What happened to Amanda Peterson? Has she died?

American actress Phyllis Amanda Peterson (July 8, 1971 – July 3, 2015) played the title character of Cindy Mancini in the 1987 comedy film Can’t Buy Me Love.

The youngest of three children born to ear, nose, and throat specialist James Peterson and his wife Sylvia, Peterson was born in Greeley, Colorado.

She had two older siblings: James Jr., a brother, and Anne Marie, a sister.

Peterson started performing when she was young and went by “Amanda Peterson” when she worked in a professional setting.

Her friends and family called her “Mandy Peterson,” so she went by that name when she started her career.

Peterson secured her first leading role in the motion picture Explorers in 1985. She co-starred in the Emmy Award-winning miniseries A Year in the Life the following year as “Sunny Sisk.”

What happened to Amanda Peterson
Amanda Peterson

Peterson left the entertainment business in 1994 and moved back to Greeley, Colorado, her hometown. Her father claimed that she left Hollywood to “choose a new path in her life.”

She attended Middlebury College for a short time before enrolling for a year at Colorado State University.

Peterson went on to study at Northern Colorado University. She did a brief stint as a model for a Colorado photographer in 2012. 

Peterson had two children from his two marriages. Initially, she married Joseph Robert Skutvik. Following their separation, she married David Hartley. It is reported that Hartley and Peterson were divorced at the time of her passing.

What happened to Amanda Peterson?

Actress Amanda Peterson, 43, accidentally overdosed on morphine and was discovered dead in her Colorado home in July 2015.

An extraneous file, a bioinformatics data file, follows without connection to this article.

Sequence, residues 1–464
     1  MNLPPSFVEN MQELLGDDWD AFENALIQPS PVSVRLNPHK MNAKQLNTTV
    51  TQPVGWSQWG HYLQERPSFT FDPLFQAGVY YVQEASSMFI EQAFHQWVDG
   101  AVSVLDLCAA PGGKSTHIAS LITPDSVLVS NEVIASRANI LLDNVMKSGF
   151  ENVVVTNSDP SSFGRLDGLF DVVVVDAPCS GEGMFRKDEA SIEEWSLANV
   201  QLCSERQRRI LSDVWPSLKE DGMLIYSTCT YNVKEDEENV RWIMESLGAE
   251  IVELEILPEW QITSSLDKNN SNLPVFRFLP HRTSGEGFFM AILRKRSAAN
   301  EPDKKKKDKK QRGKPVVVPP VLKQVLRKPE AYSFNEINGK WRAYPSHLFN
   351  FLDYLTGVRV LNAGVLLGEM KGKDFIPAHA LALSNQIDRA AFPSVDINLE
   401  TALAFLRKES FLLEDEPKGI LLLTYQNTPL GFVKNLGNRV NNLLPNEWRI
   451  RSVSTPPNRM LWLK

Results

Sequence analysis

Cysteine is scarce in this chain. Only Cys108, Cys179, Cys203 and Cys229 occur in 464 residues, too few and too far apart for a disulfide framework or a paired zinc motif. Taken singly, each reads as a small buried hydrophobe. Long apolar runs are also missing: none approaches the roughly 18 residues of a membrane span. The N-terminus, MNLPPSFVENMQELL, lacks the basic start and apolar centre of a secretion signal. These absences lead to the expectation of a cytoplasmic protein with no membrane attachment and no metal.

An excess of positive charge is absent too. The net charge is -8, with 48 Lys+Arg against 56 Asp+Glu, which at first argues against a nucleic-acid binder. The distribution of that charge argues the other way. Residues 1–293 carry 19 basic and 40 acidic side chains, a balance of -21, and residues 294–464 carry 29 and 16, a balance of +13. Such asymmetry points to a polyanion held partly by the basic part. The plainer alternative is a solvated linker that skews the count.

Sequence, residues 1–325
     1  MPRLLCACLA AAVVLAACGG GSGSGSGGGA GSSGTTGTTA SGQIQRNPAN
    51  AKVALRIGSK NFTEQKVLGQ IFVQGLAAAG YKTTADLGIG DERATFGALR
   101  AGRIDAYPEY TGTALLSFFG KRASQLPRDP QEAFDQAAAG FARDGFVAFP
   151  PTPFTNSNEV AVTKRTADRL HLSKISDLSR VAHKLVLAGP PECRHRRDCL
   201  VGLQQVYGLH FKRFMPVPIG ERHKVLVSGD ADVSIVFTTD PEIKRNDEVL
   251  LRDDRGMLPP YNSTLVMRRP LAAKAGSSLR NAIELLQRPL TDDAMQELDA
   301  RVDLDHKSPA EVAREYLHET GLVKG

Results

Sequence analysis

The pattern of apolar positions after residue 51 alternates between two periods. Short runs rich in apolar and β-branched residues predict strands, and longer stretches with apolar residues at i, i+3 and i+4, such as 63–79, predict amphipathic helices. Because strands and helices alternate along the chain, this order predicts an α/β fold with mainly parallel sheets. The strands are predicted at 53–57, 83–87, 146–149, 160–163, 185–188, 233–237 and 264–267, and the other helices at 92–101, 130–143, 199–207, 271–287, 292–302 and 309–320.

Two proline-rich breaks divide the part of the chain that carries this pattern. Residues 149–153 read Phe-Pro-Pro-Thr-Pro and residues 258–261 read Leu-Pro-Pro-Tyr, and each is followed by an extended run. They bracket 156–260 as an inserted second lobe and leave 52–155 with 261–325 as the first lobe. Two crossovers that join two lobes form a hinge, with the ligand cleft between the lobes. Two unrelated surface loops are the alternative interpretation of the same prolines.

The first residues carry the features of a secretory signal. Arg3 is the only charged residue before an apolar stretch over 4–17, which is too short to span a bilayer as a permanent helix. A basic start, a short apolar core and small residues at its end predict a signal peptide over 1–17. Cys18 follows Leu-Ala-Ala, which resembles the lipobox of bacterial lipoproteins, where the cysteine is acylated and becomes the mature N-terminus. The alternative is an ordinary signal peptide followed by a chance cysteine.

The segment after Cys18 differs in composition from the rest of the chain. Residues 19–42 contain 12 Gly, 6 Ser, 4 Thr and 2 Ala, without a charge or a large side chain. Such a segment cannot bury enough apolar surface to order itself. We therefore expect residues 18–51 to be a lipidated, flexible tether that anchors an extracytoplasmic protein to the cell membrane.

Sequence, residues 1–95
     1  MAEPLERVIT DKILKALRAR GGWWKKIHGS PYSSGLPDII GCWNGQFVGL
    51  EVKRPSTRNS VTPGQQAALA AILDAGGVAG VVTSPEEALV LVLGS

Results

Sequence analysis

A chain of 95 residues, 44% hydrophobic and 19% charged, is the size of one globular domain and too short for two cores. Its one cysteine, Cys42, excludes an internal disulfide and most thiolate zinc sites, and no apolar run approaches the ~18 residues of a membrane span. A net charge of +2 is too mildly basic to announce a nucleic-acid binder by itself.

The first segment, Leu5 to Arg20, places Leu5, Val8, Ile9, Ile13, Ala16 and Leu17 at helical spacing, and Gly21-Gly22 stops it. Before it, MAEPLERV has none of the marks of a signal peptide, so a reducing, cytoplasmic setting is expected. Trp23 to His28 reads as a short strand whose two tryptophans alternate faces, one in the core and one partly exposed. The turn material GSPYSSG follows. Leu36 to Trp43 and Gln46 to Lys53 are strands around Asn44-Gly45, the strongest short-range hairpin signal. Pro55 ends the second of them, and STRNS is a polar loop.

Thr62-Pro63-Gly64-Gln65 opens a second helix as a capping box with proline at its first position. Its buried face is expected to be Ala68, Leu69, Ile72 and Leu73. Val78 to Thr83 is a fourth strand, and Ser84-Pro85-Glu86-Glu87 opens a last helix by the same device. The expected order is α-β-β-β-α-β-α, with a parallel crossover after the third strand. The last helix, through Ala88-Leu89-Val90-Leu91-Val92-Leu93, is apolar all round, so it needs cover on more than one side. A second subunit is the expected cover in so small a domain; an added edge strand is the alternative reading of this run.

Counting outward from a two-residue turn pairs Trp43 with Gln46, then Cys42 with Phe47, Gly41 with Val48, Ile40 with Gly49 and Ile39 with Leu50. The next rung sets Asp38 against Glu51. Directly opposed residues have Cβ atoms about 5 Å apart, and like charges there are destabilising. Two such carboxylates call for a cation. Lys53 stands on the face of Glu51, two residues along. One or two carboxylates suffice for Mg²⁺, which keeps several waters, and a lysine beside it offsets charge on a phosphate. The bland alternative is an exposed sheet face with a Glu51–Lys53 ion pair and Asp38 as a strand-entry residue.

The Weld County Coroner’s report, which was made public on Wednesday, stated that Peterson, who is popular for her part in the 1987 romantic comedy Can’t Buy Me Love, took morphine from a friend to relieve pain. This was reported by The Greeley Tribune.

The actress had several prescriptions for medications related to heart and lung disease. In addition, she was prescribed Gabapentin to treat pain that arose after her hysterectomy.

The coroner and forensic pathologist concurred that Peterson’s death was due to respiratory failure brought on by a morphine overdose, despite the toxicology report showing six times the therapeutic level of gabapentin in her blood.

According to Weld County Coroner Mark Ward, Peterson’s medical history did not contain any recent morphine prescriptions.

She wasn’t a veteran opiate user, Ward said. “The amount of morphine she took caused a deadly event, on top of her heart and lung conditions.”

Traces of marijuana, which is legal in Colorado, were also found in her system.

Peterson first appeared in the film as a dancer in the 1982 version of Annie, directed by John Huston. She later appeared on several television shows, including one with Ricky Schroder on Silver Spoons.

Peterson’s next movie role was in the Sci-Fi comedy Explorers (1985), as Ethan Hawke’s crush.

However, it was her portrayal of the endearing, seemingly unreachable popular girl in Can’t Buy Me Love, opposite Patrick Dempsey, that won over the hearts of Generation X.

The cause of death is under investigation

The cause of death is being looked into by Greeley police and the Weld County coroner’s office; an autopsy report has not yet been made public.

Greeley police Sgt. Joseph Tymkowych stated that the toxicology report might take a week to complete.

Although his daughter had used drugs, ear, nose, and throat specialist James Peterson said she was “working diligently on her health.” Her death was “a great shock,” he said.

Peterson described his daughter’s drug use as “a very sad story,” a common fate for budding actors destroyed by Hollywood’s machine for producing stars.

After leaving Hollywood, she became quite religious, he added.

According to her father, Amanda had been on disability for three years and lived alone after two divorces at the time of her death.

While the Hollywood culture and casting system are toxic, especially for youngsters, that may not be the only factor at work.

Agents and managers have theories as to why so many teenage stars fade away too soon, and they are well aware of the difficulties associated with youth stardom.

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